South Boston News & Record
and Mecklenburg Sun
09/18/14 - 5:39 am
09/18/14 - 5:39 am
Courtney Garrett, whose grandfather lives in Halifax County, is first runner-up
09/17/14 - 7:10 am
In the 1920s and 1930s, if you lived in Franklin County, most likely you were in involved in the county’s biggest industry — making illegal whiskey or moonshine.
09/17/14 - 12:39 pm
Recently, a group of twelve local runners took on the challenge of participating in the Blue Ridge Relay. A grueling, two hundred plus mile relay spanning two days, mountainous terrain,…
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HCSA to review penalties for postmarked payments
SoVaNow.com / March 04, 2013The Halifax County Service Authority’s practice of applying late fees to customer payments that arrive late but are postmarked before the deadline came in for questioning at an HCSA board meeting on Thursday.
Coleman Speece, a director on the seven-member board, brought up the issue, alluding to a customer who complained to him about mailing in his regular payment two days prior to the due date. Apparently a delay in the mail delivery caused the payment to arrive a day late. The man was assessed a ten percent penalty by the HCSA.
Speece asked if postmarks could be considered before penalties are assessed, since the customer felt his payment had been made on time. HCSA Executive Director Willie Jones explained that his staff records the date on which payments are received, and does not necessarily look at postmarks, which Jones said could be a very time-consuming process.
However, at Speece’s behest, members of the Personnel Committee, headed by Frank Wray, will consider whether the HCSA should change its policy to review the dates on which payments are mailed.
According to HCSA statistics, out of a pool of 2,500 HCSA customers, some 400 to 500 late bills are issued each month to homes and businesses that miss the payment deadline. In January of this year, 486 late bills went mailed out, and service was cut to 115 customers.
Speece commented that “times are tight for a lot of people right now.”
Jones also advised directors that he has submitted an application to the Virginia Resources Authority (VRA) for a $1.7 million loan. The funds would be used to finance the Cowford Road wastewater treatment plant conversion and to replace the Lasco pump station which is located in the Halifax Industrial Park on Route 58 west.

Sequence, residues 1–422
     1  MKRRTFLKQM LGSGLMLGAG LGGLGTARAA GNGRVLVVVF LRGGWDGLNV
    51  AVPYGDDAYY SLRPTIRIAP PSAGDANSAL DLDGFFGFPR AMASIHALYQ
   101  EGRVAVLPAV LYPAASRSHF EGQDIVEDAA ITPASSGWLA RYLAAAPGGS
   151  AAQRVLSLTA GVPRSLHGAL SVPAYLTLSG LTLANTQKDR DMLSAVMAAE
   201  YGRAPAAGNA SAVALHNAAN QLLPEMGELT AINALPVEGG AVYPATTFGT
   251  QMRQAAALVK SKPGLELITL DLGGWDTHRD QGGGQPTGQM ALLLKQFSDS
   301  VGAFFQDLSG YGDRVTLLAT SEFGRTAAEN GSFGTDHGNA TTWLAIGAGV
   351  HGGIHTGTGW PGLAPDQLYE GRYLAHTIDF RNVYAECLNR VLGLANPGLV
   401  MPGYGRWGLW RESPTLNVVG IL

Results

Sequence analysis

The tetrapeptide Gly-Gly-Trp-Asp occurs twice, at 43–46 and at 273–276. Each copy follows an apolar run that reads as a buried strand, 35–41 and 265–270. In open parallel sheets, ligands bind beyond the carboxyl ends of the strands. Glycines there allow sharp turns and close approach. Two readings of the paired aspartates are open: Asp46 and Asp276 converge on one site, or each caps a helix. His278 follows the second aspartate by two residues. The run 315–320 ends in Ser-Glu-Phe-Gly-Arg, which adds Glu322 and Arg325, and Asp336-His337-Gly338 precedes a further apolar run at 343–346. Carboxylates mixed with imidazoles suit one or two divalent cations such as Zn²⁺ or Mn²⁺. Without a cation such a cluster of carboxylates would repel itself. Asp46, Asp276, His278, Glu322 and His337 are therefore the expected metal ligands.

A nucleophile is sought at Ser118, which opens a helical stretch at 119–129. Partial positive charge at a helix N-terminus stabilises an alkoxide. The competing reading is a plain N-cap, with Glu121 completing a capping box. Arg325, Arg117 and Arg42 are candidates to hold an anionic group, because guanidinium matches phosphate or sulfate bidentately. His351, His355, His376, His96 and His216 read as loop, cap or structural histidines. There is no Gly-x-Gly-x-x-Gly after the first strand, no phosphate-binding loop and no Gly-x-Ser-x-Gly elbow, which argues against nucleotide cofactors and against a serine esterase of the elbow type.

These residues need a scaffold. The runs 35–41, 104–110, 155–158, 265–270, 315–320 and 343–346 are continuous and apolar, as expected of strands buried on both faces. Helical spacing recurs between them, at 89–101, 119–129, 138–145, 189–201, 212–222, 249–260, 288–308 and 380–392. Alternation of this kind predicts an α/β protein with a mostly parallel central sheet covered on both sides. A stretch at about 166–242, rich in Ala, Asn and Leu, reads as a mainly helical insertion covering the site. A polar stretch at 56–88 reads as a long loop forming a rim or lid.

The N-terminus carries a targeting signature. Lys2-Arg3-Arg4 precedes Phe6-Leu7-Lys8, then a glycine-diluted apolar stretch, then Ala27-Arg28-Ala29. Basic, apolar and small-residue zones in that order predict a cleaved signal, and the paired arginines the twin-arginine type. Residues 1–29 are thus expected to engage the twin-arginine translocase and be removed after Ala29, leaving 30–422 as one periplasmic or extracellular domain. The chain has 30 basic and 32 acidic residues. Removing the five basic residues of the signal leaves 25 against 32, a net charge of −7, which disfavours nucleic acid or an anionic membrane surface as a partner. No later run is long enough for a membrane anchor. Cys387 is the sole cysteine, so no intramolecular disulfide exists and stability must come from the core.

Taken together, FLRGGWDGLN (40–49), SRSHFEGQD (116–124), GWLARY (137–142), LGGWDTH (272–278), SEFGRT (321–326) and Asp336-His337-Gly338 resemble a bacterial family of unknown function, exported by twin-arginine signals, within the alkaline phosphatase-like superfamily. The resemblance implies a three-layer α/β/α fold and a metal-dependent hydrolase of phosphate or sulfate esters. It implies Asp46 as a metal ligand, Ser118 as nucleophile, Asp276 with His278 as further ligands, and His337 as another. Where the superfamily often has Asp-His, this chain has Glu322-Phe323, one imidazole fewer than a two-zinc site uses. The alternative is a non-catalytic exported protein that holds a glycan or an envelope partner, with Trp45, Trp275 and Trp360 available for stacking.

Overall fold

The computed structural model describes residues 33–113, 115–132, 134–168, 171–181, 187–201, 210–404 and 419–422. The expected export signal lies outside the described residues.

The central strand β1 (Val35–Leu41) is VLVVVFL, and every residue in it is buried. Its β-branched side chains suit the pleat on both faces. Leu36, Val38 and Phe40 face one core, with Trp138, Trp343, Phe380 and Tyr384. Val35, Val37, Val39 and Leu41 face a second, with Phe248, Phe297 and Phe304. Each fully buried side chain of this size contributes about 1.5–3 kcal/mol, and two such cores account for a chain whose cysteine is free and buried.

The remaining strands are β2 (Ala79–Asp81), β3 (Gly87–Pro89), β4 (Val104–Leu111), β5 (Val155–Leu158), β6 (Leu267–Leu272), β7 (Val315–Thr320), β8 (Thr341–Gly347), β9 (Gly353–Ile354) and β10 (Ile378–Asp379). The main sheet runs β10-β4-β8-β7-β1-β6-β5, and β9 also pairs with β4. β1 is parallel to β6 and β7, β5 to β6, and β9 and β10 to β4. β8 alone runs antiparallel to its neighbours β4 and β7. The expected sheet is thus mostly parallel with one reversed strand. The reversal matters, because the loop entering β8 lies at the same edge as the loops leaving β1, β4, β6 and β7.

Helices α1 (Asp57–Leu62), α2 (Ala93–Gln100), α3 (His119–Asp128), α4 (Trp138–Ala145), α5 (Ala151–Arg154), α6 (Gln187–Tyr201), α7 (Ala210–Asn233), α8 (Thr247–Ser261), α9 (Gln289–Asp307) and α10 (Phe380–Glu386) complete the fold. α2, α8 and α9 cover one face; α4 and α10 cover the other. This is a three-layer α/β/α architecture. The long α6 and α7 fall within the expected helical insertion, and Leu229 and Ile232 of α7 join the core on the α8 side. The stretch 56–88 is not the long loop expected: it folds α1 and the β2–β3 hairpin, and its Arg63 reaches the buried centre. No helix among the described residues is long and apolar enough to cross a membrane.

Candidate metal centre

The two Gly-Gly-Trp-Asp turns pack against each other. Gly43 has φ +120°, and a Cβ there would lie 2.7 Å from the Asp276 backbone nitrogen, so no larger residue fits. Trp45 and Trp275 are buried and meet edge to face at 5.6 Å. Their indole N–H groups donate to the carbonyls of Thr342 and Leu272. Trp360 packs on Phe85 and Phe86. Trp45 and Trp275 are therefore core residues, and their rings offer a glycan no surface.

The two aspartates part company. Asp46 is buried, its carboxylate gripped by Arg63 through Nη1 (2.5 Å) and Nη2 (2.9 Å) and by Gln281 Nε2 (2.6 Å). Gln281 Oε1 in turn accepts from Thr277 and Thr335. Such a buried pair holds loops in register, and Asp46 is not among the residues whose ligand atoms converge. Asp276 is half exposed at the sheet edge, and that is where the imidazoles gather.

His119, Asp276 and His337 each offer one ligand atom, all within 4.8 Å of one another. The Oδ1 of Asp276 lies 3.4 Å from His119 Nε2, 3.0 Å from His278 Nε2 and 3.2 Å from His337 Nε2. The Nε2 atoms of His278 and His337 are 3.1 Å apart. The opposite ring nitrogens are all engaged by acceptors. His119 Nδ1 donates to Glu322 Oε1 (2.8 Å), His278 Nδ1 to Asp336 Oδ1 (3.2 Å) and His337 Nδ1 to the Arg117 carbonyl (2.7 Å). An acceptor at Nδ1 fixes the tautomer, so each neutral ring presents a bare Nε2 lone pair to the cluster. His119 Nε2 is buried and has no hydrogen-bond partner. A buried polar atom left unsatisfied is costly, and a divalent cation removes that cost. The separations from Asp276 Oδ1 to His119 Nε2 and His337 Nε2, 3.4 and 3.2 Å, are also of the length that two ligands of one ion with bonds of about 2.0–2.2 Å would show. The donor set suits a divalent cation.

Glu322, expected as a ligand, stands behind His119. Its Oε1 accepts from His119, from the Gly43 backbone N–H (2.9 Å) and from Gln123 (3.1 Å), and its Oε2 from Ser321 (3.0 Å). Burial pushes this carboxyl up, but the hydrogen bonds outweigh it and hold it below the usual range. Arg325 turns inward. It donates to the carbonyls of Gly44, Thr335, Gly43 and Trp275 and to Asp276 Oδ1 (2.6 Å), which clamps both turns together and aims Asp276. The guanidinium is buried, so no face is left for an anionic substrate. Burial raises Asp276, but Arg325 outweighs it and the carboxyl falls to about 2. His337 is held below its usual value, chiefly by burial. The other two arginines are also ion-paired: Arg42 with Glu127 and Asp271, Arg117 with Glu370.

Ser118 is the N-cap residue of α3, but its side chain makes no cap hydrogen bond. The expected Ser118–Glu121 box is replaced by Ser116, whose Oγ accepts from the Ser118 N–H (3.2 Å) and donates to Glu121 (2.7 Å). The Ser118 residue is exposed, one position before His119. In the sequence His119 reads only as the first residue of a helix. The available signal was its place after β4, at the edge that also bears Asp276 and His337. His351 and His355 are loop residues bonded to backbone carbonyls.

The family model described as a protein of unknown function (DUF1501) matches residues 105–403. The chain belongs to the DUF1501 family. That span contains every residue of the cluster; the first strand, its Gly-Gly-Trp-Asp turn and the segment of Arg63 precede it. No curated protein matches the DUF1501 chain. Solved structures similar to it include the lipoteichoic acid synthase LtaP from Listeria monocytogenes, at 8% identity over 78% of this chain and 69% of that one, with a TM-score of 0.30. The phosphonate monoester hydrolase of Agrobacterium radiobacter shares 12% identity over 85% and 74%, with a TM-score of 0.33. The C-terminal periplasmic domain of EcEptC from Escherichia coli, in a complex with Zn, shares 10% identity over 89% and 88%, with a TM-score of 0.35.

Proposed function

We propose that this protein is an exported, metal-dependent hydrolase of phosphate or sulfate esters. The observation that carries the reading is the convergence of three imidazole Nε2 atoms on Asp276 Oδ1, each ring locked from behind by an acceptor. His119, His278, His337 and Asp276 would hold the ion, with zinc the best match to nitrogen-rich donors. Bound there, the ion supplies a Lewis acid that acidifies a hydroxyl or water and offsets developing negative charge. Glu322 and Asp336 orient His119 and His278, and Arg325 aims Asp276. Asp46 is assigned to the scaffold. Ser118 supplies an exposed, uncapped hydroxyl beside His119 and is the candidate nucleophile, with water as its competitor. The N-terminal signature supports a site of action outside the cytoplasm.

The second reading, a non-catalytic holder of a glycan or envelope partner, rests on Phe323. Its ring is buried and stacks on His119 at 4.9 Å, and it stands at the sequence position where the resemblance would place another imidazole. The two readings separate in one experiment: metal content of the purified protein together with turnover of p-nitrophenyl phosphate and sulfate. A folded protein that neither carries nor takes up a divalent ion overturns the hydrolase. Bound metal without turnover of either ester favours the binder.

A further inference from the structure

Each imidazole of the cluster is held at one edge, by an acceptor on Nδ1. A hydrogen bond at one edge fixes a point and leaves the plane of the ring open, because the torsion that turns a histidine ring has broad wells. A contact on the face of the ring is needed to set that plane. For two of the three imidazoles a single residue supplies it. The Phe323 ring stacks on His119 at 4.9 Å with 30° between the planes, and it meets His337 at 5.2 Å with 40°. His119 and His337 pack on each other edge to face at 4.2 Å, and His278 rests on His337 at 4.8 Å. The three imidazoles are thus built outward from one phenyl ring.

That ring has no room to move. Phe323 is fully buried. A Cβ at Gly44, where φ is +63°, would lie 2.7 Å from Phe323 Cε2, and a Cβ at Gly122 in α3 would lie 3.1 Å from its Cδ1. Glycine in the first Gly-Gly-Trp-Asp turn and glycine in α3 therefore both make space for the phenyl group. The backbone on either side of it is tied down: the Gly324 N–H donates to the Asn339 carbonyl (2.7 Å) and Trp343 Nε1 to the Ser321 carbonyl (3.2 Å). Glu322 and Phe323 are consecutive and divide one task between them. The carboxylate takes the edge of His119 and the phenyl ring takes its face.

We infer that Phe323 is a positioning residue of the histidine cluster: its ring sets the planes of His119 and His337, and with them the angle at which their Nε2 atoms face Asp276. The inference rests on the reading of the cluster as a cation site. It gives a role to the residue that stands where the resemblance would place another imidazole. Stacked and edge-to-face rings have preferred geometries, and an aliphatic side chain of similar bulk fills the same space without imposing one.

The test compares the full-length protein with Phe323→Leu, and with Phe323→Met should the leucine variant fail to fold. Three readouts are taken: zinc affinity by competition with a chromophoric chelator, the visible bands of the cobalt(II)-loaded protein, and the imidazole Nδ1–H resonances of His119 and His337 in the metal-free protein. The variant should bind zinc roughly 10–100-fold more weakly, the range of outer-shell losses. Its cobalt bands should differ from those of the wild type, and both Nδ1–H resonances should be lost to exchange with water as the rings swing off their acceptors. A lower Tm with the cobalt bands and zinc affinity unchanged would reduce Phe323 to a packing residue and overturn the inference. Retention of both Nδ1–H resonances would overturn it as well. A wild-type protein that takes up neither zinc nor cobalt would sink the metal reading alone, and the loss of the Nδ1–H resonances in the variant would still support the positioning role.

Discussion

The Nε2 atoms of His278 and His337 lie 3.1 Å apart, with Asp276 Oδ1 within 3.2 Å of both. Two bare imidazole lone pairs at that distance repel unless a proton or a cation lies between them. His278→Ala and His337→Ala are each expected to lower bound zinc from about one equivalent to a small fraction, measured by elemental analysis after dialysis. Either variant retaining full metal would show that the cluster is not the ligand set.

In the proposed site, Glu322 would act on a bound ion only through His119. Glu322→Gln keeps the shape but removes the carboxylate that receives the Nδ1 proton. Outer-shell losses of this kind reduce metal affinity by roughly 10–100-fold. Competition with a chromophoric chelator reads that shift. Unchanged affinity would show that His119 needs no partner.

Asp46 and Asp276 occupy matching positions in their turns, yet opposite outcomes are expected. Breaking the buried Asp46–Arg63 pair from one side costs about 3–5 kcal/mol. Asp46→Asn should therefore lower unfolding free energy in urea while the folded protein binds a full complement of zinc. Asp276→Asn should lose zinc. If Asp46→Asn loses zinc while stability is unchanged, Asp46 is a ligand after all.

The loan will be sought in August, Jones said.
He added that the Authority will have to put some money up front to begin the engineering and planning work on the projects, but the HCSA will be reimbursed once the loan is finalized. He expects the interest rate on the 20 year loan to be set at 2.8 percent.
The savings generated by the Cowford Road plant conversion will more than offset the debt payments when the project is completed, Jones told directors.
A third project called for under the HCSA Strategic Plan is a facilities study, to identify and prioritize projects that are needed to maintain the Authority’s level of services. Jones estimated the study could cost somewhere between $40,000 and $50,000.
For that sum, the study would help the HCSA establish priorities for water tank repair or replacement, sewer line repairs, hydrant maintenance and other critical needs. He said the Authority currently has four engineering firms under contract, and he asked that two board members join him in interviewing the firms to decide how to evaluate their proposals.
Directors Joe Barkley and Jim Debiec were tapped to assist Jones with the engineering proposals.
Following the public session, board members went into executive session to discuss several applications they have received for the Executive Director’s position and how interviews for the job will be conducted. They took no action on the matter.
Absent from the Thursday meeting were members Stuart Nelson and Joe Barkley.
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